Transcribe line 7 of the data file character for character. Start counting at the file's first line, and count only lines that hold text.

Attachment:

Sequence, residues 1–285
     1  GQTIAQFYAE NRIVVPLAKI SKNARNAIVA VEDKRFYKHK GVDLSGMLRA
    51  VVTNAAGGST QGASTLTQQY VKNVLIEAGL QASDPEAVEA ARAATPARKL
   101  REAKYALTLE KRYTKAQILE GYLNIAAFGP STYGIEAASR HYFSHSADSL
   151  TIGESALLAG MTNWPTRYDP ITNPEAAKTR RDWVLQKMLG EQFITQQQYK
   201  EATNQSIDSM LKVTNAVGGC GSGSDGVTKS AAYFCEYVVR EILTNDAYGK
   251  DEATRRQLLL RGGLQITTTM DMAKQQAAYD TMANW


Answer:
   251  DEATRRQLLL RGGLQITTTM DMAKQQAAYD TMANW